When Regulation Is a Good Thing
An oft-heard refrain nationally in this election year is that government just needs to get out of the way and let the "job creators" in private business do their thing. And that's often true. Excessive regulation, no doubt, can stifle entrepreneurial enterprise
But, as compelling recent revelations at the state level make all too painfully clear, the opposite can just as well be the case. Corner-cutting decisions by sloppily regulated businesses can produce results for their employees that are anything but positive.
North Carolina law requires businesses with three or more employees to provide them with workers' compensation insurance to cover them if they should get hurt on the job. The law allows only one alternative: Companies can provide the state with a certification that they have enough assets at their disposal to self-insure.
It has now become clear, thanks to some able investigative reporting on the part of The News & Observer of Raleigh, that more than 30,000 of the 170,000-plus businesses in the state have been complying with neither of the above mandates.
For example, some companies with far more than three employees get around the rules by arbitrarily - and dishonestly - declaring all but one of their employees to be "independent contractors." Then they buy much cheaper coverage, a so-called "ghost policy," for the remaining one.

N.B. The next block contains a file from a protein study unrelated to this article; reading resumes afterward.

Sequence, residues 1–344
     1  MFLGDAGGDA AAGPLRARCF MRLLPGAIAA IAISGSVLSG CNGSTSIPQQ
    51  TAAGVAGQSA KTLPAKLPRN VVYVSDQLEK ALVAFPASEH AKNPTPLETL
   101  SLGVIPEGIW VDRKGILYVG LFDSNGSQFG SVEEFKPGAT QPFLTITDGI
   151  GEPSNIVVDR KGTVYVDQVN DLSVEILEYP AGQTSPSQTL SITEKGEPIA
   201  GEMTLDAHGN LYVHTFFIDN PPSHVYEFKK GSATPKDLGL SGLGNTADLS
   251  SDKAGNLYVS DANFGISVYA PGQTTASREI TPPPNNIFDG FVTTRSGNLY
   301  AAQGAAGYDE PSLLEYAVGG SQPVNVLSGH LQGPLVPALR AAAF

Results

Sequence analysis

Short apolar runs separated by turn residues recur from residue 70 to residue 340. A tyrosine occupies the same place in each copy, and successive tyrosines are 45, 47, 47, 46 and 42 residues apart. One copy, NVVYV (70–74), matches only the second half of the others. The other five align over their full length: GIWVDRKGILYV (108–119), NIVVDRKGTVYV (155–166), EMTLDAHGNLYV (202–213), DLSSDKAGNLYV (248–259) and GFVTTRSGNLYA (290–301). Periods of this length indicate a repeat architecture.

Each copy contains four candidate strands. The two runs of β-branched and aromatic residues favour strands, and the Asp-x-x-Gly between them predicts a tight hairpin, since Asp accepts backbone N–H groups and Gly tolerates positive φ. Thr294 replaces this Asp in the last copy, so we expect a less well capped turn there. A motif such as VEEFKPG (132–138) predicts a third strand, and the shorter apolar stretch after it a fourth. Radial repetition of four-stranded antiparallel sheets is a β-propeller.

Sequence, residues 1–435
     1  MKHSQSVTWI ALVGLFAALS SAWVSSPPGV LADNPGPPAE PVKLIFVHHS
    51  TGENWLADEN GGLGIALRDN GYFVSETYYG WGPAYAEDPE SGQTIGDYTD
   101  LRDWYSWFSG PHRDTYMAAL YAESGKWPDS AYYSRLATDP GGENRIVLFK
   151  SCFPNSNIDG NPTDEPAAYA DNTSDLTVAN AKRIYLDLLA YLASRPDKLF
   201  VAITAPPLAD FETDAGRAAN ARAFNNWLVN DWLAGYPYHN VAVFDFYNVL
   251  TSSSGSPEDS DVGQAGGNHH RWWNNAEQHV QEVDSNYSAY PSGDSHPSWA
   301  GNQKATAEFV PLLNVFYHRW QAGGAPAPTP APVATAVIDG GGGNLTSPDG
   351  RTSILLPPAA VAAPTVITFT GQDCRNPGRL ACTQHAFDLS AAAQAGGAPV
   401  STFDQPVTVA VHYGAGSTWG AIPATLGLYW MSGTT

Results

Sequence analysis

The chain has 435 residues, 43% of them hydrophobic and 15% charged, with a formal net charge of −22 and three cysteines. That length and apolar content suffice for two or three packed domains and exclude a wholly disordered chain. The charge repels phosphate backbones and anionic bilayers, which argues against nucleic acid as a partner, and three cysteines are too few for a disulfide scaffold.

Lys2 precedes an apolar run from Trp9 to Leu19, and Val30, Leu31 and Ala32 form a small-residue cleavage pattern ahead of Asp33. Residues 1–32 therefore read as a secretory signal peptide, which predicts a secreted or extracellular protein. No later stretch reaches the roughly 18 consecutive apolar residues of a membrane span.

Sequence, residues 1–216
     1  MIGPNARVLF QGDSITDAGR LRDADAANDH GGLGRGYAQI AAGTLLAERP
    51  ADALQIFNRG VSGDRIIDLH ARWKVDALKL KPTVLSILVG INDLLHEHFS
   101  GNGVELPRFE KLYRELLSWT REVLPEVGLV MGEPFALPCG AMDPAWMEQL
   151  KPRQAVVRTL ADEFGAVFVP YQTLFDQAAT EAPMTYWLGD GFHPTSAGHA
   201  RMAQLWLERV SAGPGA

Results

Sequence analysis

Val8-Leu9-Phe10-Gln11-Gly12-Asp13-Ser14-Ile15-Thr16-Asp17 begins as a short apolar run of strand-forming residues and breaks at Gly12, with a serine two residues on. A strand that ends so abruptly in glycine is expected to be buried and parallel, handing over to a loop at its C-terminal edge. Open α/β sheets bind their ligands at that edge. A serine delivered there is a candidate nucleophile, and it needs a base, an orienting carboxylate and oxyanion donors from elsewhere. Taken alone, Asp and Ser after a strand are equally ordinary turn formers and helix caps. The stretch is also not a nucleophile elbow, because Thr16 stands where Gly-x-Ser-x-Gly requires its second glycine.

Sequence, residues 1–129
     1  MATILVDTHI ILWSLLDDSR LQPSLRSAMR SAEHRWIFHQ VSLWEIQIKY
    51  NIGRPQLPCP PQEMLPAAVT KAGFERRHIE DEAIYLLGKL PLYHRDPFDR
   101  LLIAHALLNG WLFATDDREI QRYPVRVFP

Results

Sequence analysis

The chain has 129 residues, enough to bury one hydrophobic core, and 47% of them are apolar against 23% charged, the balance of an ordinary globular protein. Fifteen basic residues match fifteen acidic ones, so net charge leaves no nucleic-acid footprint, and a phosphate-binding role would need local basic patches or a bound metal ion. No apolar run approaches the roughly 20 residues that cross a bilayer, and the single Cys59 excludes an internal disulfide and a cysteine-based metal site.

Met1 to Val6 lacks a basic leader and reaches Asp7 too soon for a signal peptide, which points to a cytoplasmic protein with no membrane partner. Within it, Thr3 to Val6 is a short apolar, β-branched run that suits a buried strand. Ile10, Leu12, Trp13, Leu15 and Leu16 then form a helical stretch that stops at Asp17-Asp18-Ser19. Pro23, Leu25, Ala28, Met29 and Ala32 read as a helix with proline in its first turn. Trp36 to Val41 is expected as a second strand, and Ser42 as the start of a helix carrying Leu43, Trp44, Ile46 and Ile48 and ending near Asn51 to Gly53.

When the inevitable ultimately happens and workers suffer work-related injuries, companies often declare the victim to be not covered and offer to pay only a token amount, if anything. As a result the worker is either stuck with paying an exorbitant medical bill or pursuing costly legal action against his or her former boss.
Here's where the government comes in - or should. But it seems pretty clear that the N.C. Industrial Commission, which is supposed to oversee such things, has been falling down on the job. It apparently doesn't keep track of which companies are complying with the workers' comp requirements. And it gets involved only when there is an injury - in other words, when the horse has already left the barn.
Even then, the commission typically waives the required fine or jail time if the employer works out some kind of financial settlement with the worker.
A Recipe for Abuse
This is a clear recipe for abuse. In a way, it's hard to blame some of the employers mentioned in the N&O stories for playing this system for all it's worth. In this time, especially, businesses are keeping a close eye on ways to reduce costs.
If the employers in question have learned through experience that the regulators are looking the other way, then it should come as no surprise that they would act the same way baseball players might behave if the umpire is asleep on the job. That is, to see how much they can get away with.
In this case, the solutions seem clear. The "ghost policies" should be outlawed. The Industrial Commission should start doing its job. And it should get out of its "silo" mentality and start communicating and cooperating much better with other agencies with overlapping responsibilities.
A good place to start: N.C. Department of Insurance, which shares the same Raleigh building.
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